Just recently Intel has been putting authentication technology into its chips. These consist of some Core and Core vPro processor-based PCs from HP, Lenovo, Sony and others. These enhanced chips started shipping to consumers over the summer, while many were clueless of the technology.
Intel Identity Protection Technology generates a unique number for the specific PC and a six-digit code that is used to authenticate your computer with your account when logging into a Web site. (Credit: Intel)
This is a two-factor authentication process, which adds an extra layer of security. When you visit a site and type in your username and password, an algorithm running on the chipset generates a six-digit code that changes every 30 seconds from the embedded processor. That generated six-digit code is then validated by the site. Although the downside is that the web site needs to be using this identity protection technology that works with the Intel chip to enable this two-factor authentication.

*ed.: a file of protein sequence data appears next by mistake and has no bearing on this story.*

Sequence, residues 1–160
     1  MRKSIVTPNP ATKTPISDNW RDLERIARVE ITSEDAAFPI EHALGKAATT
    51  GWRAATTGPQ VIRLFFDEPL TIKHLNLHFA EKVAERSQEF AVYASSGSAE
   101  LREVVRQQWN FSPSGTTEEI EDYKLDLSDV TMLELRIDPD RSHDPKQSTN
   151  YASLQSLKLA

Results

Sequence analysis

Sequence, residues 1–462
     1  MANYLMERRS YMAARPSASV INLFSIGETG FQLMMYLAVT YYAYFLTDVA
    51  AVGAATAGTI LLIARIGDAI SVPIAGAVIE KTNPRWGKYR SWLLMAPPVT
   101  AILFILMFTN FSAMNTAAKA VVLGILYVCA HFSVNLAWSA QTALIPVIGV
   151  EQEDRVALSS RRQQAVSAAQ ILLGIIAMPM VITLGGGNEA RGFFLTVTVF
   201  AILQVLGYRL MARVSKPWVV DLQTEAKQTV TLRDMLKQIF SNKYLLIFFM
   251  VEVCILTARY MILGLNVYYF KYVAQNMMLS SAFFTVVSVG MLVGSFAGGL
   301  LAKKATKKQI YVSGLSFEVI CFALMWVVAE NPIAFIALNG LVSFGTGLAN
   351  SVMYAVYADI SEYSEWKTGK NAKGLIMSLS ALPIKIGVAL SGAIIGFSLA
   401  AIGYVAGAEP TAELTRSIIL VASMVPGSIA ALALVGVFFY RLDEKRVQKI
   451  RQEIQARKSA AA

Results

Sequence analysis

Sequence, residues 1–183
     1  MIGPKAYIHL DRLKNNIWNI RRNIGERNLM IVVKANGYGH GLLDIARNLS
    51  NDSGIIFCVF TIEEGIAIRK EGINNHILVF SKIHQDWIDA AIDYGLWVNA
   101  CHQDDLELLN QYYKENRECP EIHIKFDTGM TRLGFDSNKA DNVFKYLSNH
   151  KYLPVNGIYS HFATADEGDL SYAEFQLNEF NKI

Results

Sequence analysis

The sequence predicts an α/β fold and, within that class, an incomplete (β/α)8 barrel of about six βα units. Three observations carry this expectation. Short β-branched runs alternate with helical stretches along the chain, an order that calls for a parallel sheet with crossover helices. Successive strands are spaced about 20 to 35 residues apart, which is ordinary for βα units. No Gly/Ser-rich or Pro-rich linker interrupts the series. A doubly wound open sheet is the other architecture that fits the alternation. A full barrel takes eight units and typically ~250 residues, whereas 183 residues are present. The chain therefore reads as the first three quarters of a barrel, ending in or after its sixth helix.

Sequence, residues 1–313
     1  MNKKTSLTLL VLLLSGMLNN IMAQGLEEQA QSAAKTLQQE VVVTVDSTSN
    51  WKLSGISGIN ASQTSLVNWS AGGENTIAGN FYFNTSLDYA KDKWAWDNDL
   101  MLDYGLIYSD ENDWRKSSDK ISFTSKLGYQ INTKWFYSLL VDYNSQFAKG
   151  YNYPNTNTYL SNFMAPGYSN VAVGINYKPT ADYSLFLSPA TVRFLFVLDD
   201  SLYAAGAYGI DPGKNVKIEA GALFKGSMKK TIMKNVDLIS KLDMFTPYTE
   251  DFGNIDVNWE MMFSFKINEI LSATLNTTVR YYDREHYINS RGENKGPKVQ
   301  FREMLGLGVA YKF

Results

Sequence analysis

I think this security tech is promising because it’s making use of hardware to add security. I would hope though that the algorithm that’s used to generate the six-digit codes would be hard to figure out or replicate by a hacker.
What do you guys think about this added security method in Intel chips? Is it practical and would sites adopt it?